To win any significant gains requires using the union’s tremendous power, residing in transit workers’ ability to bring the center of world finance capital to a grinding halt, just as they keep it moving round-the-clock year-round. That means defying New York’s union-busting Taylor Law which declares it illegal for public employees to strike. In 2005, TWU Local 100 struck in the face of massive fines on the union and individual members. But TWU leaders in Washington ordered the members back to work. On Day 3, despite the solid walkout and public support, Local 100’s then-president Roger Toussaint (who never wanted the strike, forced on him by a militant membership), collapsed and called it off. This capitulation resulted in a contract defeat, jail time for Toussaint, a $2.5 million fine on the Local, and each member docked five days pay.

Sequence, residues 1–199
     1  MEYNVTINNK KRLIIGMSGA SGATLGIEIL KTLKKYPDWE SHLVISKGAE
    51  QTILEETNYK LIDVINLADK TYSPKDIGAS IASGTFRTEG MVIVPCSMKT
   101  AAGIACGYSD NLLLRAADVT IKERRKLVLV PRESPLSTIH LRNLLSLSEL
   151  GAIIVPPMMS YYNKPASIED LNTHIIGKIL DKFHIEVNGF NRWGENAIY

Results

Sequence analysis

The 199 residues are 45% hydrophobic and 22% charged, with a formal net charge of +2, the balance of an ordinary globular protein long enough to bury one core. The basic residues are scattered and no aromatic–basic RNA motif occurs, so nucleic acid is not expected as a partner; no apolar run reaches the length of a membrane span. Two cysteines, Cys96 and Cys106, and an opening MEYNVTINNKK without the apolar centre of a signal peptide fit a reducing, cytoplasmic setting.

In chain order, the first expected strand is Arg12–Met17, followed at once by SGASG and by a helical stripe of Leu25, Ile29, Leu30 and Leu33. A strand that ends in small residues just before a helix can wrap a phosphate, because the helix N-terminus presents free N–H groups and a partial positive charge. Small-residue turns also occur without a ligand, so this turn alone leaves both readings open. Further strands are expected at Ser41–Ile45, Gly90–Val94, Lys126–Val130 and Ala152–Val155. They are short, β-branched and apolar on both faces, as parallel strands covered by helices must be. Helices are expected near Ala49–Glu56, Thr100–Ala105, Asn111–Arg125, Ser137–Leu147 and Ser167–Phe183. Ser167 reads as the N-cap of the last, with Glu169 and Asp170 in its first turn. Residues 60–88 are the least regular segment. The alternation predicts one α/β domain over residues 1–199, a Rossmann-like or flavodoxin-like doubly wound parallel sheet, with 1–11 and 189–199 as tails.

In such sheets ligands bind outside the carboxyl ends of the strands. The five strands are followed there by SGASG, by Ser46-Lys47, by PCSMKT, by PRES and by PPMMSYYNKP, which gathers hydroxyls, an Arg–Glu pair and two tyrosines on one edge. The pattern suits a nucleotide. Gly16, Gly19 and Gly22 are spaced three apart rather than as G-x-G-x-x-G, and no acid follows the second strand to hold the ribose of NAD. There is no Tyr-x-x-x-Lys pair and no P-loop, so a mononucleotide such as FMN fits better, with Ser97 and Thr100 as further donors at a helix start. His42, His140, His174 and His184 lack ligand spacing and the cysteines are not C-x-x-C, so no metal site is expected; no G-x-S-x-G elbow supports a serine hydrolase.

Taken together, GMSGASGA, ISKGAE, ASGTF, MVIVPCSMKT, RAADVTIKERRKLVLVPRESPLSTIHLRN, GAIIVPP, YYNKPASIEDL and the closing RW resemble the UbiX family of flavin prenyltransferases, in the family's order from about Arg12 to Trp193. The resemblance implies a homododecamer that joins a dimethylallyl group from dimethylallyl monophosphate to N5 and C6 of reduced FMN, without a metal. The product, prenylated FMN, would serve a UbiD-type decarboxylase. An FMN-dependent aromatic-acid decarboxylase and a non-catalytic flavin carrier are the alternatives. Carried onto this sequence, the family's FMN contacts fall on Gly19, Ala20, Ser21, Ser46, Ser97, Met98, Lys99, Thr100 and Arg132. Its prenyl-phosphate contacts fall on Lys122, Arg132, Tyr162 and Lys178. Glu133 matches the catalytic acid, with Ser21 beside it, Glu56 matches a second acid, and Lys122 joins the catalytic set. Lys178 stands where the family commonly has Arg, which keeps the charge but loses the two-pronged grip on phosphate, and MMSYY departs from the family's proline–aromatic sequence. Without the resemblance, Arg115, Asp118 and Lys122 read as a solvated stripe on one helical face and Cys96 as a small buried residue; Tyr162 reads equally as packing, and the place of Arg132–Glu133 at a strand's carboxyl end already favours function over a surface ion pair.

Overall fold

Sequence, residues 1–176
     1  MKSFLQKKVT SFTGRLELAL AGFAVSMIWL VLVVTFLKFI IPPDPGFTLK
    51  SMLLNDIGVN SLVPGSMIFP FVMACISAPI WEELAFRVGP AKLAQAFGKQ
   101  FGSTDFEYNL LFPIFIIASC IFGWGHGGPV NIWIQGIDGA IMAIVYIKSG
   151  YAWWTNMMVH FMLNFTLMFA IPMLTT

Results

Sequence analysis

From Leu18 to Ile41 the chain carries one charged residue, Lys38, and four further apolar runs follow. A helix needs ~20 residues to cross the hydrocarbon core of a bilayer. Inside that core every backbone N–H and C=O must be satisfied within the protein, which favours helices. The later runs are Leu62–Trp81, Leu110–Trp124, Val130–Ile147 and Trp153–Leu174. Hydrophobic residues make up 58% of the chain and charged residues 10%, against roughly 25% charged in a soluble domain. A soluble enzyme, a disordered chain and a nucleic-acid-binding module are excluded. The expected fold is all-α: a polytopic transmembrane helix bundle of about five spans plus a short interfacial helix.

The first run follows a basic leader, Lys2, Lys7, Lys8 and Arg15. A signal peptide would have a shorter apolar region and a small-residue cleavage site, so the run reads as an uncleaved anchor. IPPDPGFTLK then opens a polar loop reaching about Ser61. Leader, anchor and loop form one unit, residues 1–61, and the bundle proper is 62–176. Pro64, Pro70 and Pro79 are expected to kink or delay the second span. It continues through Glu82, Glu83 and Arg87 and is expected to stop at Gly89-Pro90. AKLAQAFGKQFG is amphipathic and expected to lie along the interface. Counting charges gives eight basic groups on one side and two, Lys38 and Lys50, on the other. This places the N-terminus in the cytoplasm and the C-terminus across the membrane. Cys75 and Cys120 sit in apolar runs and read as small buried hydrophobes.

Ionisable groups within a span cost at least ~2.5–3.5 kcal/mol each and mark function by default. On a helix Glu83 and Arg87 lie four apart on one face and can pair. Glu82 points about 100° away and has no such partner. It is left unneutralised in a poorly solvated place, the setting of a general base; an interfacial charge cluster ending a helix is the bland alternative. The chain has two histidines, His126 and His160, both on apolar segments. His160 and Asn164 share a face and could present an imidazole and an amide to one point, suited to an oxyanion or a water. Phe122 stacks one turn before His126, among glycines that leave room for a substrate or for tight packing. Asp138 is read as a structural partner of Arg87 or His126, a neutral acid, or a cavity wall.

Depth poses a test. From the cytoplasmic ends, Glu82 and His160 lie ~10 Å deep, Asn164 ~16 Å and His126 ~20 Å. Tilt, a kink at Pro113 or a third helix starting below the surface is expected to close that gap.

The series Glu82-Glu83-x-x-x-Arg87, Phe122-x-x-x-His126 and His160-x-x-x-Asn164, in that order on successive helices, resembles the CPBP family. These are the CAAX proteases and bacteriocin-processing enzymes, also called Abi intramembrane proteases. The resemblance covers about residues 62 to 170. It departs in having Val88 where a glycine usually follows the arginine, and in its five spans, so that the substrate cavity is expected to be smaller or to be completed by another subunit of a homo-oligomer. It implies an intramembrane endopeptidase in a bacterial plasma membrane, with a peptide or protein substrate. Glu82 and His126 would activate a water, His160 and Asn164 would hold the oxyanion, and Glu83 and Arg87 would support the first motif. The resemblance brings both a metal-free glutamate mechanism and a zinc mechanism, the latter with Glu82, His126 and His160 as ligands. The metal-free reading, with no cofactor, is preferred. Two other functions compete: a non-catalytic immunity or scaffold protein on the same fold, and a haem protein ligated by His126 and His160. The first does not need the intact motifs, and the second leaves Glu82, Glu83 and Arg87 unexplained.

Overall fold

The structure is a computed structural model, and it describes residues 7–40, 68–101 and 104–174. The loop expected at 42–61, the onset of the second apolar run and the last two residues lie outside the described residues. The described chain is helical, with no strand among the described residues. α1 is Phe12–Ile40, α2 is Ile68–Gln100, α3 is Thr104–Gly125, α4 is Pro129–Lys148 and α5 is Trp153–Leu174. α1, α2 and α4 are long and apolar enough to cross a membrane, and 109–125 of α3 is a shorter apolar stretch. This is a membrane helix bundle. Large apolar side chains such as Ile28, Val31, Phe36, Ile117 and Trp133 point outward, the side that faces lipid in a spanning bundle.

The 2005 strike could have won, if it had a leadership up to the task. It underscored the need to oust the pro-capitalist union misleaders who have hamstrung workers’ struggles (Toussaint was constantly hobnobbing with Hillary Clinton, the Democratic senator from Wall Street) and to forge a leadership with the program and determination to wage the class struggle through to victory. Such a leadership would mobilize union power to stop racist police terror against African Americans, Latinos and immigrants, and to block I.C.E. raids and deportations. It would also demand all police (including armed MTA revenue agents) out of the unions.